This is a question I contemplate often. At this particular moment, I contemplate it in an airplane, several thousand miles into the clouds en route from Vancouver back home to New York.
They say that is not the right question. The thing to do is to do the work and offer it up. The thing to do is to speak your truth, to be generous with your team and your audience. To be fully yourself in the presence of your art. They say you are not supposed to think of art in terms of good and bad. To do so diminishes both the work and the artist.
I remember, a hundred years ago, my high school drama teacher warning us to choose our words of congratulations very carefully after watching a friend’s performance. That to praise a performer for being “good” or even “great” was a judgment of sorts, and imposed a limitation on the very art we wanted to support and set free.
“So what should we say after a show?” I remember asking, ever so obedient and yet ever so politely socially-minded. “Thank you for your work,” she offered. “You can add what specifically resonated with you in a way that will help them develop as an artist.”
At the time, given that I had spent my first sixteen or so years obsessed with the singular goal of Being Good and Getting Better, this was a revolutionary concept. If we weren’t all trying to be good, what were we trying to be? Truthful? Skillful? Present?
To be honest, I still haven’t figured it out. (If you have, please enlighten me in the comments.)
And yet we know a good play when we see it, don’t we? Even if we can’t or don’t articulate it at the time. We know a good play like we know a good movie or a good song.
While I sat watching the final performance of Watching Glory Die at its world premiere in Vancouver, I found myself concluding, deeply and simply, “This is a good play.”
And I searched my brain and heart to figure out why, in part because I could not imagine walking up to two of the greatest legends in Canadian theatre and telling them, “This is a good play.”
This play is very clear, I concluded. This was an adjective that satisfied, and this was the response I shared afterwards with director Ken Gass and playwright/performer Judith Thompson.
“In what way?” Judith pressed, genuinely curious. “What specifically was clear for you?”
I sipped my orange juice. She sipped her limonata. (What party girls we were that night!)
As the words slipped out of my mouth all by themselves, I knew I would be thinking about them long afterward. “I was on everyone’s side.”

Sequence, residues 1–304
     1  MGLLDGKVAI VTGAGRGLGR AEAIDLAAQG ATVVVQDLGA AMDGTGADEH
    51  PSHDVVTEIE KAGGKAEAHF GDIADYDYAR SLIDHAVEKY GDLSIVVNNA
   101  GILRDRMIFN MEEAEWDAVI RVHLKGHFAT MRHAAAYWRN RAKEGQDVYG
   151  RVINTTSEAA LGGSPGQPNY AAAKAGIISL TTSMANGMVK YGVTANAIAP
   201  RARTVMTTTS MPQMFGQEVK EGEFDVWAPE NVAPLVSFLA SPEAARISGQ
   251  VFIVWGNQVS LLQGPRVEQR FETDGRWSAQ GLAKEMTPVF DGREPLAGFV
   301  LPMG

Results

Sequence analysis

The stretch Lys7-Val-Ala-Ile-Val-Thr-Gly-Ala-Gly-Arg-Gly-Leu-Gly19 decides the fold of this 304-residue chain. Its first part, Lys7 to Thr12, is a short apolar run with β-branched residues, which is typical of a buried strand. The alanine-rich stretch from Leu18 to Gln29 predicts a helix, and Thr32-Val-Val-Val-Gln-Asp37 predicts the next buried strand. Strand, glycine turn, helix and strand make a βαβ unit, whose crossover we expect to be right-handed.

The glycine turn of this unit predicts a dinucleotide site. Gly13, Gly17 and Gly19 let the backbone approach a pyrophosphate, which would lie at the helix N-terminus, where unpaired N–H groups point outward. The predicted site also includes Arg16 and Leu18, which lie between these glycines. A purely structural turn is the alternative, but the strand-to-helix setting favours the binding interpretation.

Could it be that that is what makes a good play?
Watching Glory Die is inspired by the tragedy of Ashley Smith, a young offender who hung herself in a New Brunswick prison while under close observation by her guards.
From the play (not exact quotes):
Glory’s mother: If she had been born in a different time and place, she might have been a warrioress.
Gail the Correctional Officer: It was four hundred dollars. That’s two weeks worth of groceries.
Glory: I need my privacy! It’s a tampon. I’m not going to hang myself with it. I’m on my period!
I understood who everyone was and why they made the choices they did at each moment. That does not seem, at first glance, like a revolutionary achievement. But when you dig a little deeper, isn't that, on a fundamental level, all theatre is for?
This is, on one level, of course a story about Ashley Smith; this is also a story about the choices that both liberate and enslave us.
This is a play about the opportunities and the tragedies in each moment that can change everything.
This is a play about the fragility of life.
This is a play about the strength in being a woman.
This is a play about abduction of the spirit.
This is a play about who we might be if we were given different opportunities.
This is a play about doing the best you can with what you are given.
This is a play about wanting to be heard.
This is play about feeling too small in the world.
This is a play about everybody watching.
This is a play about being who you are.
Canadian Rep Theatre brings Watching Glory Die home to Toronto and opens next week at the Berkeley Street Theatre Upstairs (May 15-June 1. You can buy tickets here.) It is directed by Ken Gass and performed by playwright Judith Thompson, marking her first return to the stage after 35 years or so.
If you are in Toronto this month, I would highly recommend it.
It is a very good play.